Complaint under section 8(1)(a) of the Broadcasting Act 1989
Radio Pacific – host stated that the BSA had not upheld a complaint from Māori Television about his comments criticising the channel – stated that Māori Television was “apartheid” and “racist” – allegedly inaccurate and denigratory
Principle 6 (accuracy) – inaccurate to state that BSA had not upheld the complaint when it had not yet considered the complaint – inaccurate to refer to Māori Television as Te Karere – upheld
Principle 7 (social responsibility) and guideline 7a (denigration) – Māori Television not “section of the community” to which denigration standard applies – comments not denigratory of Māori generally – not upheld
This headnote does not form part of the decision.
 On 25 July 2006 at approximately 7.10am on Radio Pacific, the host John Banks stated that the “money-guzzling apartheid state-owned Māori Television channel” had been “slapped down hard” by the Broadcasting Standards Authority. He said:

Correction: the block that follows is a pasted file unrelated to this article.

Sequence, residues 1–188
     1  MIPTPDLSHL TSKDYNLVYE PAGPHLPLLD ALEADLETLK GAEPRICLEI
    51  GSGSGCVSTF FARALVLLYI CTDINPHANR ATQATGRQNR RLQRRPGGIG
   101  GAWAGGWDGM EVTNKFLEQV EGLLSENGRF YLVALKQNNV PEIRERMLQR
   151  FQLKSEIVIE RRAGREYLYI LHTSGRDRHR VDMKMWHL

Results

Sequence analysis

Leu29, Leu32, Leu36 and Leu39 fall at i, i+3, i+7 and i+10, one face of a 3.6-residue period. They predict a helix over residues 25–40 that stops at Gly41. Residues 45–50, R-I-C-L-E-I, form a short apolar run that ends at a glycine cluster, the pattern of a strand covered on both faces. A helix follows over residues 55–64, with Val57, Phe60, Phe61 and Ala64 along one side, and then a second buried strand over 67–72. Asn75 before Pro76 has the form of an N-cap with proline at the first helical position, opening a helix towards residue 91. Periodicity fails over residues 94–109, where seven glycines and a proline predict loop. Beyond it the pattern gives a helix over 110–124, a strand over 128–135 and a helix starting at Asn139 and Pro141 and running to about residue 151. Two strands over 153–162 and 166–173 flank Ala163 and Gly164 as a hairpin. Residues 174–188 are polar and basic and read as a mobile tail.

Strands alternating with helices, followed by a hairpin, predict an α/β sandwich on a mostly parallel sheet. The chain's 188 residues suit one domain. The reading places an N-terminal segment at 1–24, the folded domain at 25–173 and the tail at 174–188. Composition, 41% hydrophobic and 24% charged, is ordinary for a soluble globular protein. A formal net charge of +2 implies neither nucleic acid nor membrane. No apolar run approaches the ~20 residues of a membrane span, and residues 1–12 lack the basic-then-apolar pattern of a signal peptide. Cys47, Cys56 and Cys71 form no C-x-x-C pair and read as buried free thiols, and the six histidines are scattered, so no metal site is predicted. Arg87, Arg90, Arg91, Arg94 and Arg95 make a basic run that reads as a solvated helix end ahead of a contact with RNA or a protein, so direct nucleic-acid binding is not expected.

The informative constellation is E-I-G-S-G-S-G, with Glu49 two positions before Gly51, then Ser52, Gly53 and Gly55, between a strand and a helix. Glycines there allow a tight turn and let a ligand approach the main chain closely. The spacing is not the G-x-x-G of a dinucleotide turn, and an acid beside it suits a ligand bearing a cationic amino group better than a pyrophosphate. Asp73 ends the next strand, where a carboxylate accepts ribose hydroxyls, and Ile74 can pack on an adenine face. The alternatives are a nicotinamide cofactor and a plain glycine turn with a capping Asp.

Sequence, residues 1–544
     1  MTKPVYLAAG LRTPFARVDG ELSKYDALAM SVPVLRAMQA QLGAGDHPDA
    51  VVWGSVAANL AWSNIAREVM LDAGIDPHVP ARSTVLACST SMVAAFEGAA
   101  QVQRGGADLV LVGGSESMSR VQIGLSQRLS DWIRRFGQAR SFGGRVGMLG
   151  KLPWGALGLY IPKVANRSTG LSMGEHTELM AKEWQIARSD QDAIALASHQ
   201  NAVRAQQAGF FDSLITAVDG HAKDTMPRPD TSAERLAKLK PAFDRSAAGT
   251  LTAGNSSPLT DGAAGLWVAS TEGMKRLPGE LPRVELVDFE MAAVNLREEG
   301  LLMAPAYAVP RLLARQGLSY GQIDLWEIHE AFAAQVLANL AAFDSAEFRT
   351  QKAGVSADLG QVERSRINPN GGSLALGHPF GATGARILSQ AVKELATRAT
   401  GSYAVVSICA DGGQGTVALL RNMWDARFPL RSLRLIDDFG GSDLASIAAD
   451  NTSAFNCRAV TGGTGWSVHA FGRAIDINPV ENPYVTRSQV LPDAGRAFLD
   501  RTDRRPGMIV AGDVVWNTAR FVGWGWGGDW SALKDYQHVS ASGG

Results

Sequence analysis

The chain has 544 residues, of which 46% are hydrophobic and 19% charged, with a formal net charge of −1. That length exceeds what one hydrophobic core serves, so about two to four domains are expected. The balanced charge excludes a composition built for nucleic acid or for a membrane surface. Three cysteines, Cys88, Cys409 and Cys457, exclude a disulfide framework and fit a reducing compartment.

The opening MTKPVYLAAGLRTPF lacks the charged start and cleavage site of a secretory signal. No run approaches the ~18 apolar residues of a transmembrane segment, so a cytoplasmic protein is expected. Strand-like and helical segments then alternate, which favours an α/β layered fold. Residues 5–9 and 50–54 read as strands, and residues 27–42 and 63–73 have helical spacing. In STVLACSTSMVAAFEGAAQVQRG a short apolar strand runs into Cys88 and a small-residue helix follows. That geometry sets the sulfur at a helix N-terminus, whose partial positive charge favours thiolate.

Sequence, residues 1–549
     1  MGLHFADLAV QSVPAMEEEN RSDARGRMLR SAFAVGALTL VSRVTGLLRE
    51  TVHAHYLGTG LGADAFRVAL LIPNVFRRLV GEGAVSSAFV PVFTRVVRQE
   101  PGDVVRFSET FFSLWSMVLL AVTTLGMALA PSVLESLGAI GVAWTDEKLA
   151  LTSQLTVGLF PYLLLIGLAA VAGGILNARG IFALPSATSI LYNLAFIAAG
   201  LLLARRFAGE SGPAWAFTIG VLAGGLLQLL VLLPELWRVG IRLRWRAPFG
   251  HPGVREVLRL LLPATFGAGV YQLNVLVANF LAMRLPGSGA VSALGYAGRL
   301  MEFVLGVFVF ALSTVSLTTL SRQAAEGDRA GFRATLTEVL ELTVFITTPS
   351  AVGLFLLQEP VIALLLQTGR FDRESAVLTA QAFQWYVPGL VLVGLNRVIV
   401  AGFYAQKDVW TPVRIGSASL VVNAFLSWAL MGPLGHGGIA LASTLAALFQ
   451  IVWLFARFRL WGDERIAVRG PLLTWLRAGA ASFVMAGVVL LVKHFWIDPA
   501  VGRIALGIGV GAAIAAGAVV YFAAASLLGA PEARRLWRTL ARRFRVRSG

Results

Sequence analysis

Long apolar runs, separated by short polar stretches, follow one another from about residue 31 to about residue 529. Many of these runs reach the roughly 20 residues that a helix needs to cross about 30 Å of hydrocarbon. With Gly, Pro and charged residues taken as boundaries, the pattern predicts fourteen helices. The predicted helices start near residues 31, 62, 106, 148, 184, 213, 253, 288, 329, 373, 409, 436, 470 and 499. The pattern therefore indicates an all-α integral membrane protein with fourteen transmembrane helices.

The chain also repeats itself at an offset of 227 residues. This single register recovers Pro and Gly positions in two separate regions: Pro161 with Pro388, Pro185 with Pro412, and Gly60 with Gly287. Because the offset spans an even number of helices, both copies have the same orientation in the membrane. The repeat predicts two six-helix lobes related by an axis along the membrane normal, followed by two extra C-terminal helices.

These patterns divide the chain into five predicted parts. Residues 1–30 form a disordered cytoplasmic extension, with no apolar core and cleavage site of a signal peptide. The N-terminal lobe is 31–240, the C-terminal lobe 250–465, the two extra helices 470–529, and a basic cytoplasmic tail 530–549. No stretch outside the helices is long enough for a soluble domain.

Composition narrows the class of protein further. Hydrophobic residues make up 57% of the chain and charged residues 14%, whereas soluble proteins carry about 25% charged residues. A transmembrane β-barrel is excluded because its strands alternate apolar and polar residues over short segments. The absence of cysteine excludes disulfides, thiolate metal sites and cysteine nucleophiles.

Te Karere, the taxpayer funded television channel, whinged to the BSA, that’s the Broadcasting Standards Authority, about my opposition to their waste of our money. Forty-four million dollars a year of completely wasted taxpayers’ money in this dreadful outfit. Te Karere was this week told, in no uncertain terms, that you cannot close down such debate about their taxpayer wastage. The long and the short of the complaint is that the racist broadcaster tried to close down privately-owned truth radio and failed. And that’s how it should be. Congratulations to the Broadcasting Standards Authority for an eminently sensible decision.
 Māori Television Service made a formal complaint about the broadcast to CanWest RadioWorks Ltd, the broadcaster, alleging that the host’s comments were in breach of Principles 6 and 7 of the Radio Code. It pointed out that, at the time of the broadcast, the Authority had not determined its complaint about the host’s previous comments. Therefore, it said, the host’s remarks were inaccurate.